by Seth Joseffer, MD
The phrase “a neck pain” is a fun method of describing something that’s irritating. However, for many people neck pain isn’t a problem to be laughed at.
Neck pain is a problem that affects 33% of people each year according the National Institutes of Health. The symptoms can vary from mild to intense that it hinders routine activities.
The majority of neck pains are not life-threatening, and it can be treated and resolved over time. In rare instances it could be an indication of something more serious, and require urgent care.
The Penn Medicine Princeton Medical Center for Spine Care provides top quality, personalized, and comprehensive treatment for patients suffering from neck discomfort. The center integrates the various aspects of diagnosis, treatment, surgery, rehabilitation , and health to reduce the pain and improve functioning.
The causes of Neck Pain
The causes of neck pain include tissues that are irritated by nerves, bones, ligaments, joints or muscles of the neck. The pain can be localized in the neck or it could radiate down both arms or even the legs.
A few of the most common causes of neck pain include:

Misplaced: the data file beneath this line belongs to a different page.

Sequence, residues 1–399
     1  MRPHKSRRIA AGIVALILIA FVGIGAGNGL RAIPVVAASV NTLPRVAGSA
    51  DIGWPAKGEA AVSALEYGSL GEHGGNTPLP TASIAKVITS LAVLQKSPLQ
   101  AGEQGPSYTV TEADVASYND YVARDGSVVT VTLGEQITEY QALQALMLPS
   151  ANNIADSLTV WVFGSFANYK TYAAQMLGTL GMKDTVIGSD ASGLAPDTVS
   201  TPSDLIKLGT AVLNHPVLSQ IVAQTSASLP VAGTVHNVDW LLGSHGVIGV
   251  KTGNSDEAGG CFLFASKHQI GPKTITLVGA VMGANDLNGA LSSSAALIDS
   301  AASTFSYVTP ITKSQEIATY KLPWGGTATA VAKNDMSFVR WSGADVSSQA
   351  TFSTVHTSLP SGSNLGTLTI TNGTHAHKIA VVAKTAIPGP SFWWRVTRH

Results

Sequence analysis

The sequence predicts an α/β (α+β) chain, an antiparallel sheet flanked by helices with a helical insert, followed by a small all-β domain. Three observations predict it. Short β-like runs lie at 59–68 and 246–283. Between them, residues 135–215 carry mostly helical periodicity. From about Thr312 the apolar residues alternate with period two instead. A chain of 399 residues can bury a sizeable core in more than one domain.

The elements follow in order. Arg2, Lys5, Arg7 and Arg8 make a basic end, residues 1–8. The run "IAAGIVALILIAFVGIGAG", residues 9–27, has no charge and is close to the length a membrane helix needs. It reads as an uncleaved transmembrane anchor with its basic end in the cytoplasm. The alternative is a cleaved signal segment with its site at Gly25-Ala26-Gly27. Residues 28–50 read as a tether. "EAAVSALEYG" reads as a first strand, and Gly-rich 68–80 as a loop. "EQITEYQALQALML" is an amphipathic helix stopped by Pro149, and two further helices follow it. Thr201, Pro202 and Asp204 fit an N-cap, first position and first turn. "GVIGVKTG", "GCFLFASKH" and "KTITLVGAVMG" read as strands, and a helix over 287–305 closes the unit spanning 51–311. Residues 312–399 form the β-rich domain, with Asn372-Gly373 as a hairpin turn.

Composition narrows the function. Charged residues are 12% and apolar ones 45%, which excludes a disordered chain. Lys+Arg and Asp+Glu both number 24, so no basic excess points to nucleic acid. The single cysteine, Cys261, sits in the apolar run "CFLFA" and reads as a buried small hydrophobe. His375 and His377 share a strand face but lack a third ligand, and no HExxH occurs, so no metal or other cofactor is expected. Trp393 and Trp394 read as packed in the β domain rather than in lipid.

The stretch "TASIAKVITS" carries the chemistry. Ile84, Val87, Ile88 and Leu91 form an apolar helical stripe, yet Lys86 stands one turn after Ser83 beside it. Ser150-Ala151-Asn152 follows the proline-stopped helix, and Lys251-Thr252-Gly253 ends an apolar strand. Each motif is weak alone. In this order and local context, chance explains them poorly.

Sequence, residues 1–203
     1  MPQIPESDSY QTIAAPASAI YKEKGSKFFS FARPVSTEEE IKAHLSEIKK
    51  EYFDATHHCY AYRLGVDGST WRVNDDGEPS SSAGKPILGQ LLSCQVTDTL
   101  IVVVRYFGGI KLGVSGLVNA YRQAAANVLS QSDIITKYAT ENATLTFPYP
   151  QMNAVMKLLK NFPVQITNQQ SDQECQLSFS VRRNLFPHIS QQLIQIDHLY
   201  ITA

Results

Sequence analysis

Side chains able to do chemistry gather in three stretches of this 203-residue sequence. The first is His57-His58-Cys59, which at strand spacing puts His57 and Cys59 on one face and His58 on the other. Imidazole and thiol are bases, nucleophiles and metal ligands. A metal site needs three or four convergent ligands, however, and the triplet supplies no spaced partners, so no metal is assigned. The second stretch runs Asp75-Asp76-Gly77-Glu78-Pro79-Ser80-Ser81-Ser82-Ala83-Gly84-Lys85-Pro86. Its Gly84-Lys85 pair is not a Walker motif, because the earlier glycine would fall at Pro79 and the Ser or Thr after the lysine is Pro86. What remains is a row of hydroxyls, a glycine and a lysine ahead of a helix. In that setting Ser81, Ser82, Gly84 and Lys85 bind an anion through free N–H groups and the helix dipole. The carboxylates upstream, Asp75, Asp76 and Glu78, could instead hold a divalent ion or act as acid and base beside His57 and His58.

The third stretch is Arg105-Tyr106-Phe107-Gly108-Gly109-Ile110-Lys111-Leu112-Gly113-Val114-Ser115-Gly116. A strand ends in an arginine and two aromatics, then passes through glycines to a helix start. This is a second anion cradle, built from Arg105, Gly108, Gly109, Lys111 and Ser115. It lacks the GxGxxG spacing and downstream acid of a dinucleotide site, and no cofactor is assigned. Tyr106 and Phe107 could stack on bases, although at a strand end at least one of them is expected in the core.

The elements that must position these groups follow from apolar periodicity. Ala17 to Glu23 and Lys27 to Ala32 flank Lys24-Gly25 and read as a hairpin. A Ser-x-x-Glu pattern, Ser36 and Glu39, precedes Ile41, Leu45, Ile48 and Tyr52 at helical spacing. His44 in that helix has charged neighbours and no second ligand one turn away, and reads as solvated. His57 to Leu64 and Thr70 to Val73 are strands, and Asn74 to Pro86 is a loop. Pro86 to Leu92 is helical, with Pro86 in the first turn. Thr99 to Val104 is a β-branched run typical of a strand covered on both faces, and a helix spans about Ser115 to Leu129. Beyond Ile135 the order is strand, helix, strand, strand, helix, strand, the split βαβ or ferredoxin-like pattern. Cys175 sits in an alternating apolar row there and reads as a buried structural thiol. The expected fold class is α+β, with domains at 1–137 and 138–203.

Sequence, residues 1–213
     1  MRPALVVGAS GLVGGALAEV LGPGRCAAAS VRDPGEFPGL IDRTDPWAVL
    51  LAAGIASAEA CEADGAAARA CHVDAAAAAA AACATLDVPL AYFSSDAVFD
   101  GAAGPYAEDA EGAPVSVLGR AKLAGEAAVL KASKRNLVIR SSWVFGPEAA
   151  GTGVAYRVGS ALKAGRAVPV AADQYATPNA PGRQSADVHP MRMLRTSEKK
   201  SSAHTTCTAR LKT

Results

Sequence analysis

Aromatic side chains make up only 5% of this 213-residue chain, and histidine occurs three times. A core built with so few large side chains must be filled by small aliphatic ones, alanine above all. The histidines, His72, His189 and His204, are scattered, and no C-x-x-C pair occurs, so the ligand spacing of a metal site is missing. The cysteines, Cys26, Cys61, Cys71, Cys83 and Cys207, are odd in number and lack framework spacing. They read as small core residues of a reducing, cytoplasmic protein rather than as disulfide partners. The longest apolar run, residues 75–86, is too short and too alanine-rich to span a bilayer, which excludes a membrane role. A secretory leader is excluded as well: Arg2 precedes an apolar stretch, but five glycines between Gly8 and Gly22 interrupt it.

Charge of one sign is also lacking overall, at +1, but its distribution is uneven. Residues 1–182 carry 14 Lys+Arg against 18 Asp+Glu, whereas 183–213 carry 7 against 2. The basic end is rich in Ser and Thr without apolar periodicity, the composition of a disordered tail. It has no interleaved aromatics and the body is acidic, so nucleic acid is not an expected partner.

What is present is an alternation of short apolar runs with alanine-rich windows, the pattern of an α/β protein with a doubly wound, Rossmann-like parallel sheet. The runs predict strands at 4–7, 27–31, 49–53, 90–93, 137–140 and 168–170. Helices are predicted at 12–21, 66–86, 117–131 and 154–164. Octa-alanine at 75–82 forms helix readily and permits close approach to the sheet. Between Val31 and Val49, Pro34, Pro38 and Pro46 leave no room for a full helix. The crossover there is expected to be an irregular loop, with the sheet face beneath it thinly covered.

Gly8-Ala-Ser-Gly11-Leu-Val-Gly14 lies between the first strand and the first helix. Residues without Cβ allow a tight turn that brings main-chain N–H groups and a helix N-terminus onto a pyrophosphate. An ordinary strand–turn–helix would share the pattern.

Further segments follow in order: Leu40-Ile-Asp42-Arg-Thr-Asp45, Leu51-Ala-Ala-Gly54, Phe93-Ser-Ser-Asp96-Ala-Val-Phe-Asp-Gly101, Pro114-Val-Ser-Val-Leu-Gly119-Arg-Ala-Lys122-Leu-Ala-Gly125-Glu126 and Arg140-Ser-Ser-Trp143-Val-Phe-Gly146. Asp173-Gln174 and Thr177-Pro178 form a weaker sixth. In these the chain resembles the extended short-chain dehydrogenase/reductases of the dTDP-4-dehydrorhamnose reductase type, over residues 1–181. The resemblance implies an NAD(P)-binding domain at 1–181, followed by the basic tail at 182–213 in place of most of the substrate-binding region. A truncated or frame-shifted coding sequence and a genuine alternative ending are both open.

* Osteoarthritis. A degenerative joint condition that is usually caused through wear and tear on joints as you get older. The neck osteoarthritis is a problem that affects greater than 85 percent of all people older than 60, as per the American Academy of Orthopedic Surgeons.
A herniated disk. The vertebrae or bones that comprise the vertebrae of your spine have been cushioned tiny disks, which are round and act as shock absorbers for spinal bones. All in all the spine is comprised of 24 bones, of which seven make up the cervical spine or neck, and each is protected by a disk. Similar to a jelly donut these disks feature a solid outer layer that is surrounded by an emulsion-like central. When the layer on top gets damaged (think that you bite into donuts) it’s jellylike material is squeezed out. If this happens, it’s classified as an herniated disk.
* Insufficient or weak neck muscles. A poor posture, or sleeping in a position that is uncomfortable could cause acute neck discomfort. When you sit at your desk for an extended period with muscles that are tight can cause stiffness and discomfort in the neck and shoulders. Additionally, any activity that requires the head to be in an upright place, such as painting ceilings, can result in pain.